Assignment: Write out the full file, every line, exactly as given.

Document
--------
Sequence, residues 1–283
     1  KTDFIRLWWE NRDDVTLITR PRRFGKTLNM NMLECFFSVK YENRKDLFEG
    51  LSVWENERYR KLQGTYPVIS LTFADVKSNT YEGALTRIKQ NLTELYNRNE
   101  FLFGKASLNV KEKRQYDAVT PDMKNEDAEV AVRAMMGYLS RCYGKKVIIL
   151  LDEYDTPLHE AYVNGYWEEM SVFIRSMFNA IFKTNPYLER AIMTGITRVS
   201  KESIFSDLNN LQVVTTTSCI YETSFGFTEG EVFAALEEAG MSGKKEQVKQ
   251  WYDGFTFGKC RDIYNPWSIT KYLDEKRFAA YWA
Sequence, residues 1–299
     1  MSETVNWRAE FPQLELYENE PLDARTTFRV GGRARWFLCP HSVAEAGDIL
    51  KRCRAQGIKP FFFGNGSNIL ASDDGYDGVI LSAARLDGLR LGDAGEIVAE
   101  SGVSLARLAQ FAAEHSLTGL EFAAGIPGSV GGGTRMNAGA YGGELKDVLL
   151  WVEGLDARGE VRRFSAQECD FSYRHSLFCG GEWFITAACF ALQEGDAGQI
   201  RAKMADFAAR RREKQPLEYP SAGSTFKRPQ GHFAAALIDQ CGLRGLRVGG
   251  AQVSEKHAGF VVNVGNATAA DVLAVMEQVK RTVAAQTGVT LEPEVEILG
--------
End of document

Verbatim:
Sequence, residues 1–283
     1  KTDFIRLWWE NRDDVTLITR PRRFGKTLNM NMLECFFSVK YENRKDLFEG
    51  LSVWENERYR KLQGTYPVIS LTFADVKSNT YEGALTRIKQ NLTELYNRNE
   101  FLFGKASLNV KEKRQYDAVT PDMKNEDAEV AVRAMMGYLS RCYGKKVIIL
   151  LDEYDTPLHE AYVNGYWEEM SVFIRSMFNA IFKTNPYLER AIMTGITRVS
   201  KESIFSDLNN LQVVTTTSCI YETSFGFTEG EVFAALEEAG MSGKKEQVKQ
   251  WYDGFTFGKC RDIYNPWSIT KYLDEKRFAA YWA
Sequence, residues 1–299
     1  MSETVNWRAE FPQLELYENE PLDARTTFRV GGRARWFLCP HSVAEAGDIL
    51  KRCRAQGIKP FFFGNGSNIL ASDDGYDGVI LSAARLDGLR LGDAGEIVAE
   101  SGVSLARLAQ FAAEHSLTGL EFAAGIPGSV GGGTRMNAGA YGGELKDVLL
   151  WVEGLDARGE VRRFSAQECD FSYRHSLFCG GEWFITAACF ALQEGDAGQI
   201  RAKMADFAAR RREKQPLEYP SAGSTFKRPQ GHFAAALIDQ CGLRGLRVGG
   251  AQVSEKHAGF VVNVGNATAA DVLAVMEQVK RTVAAQTGVT LEPEVEILG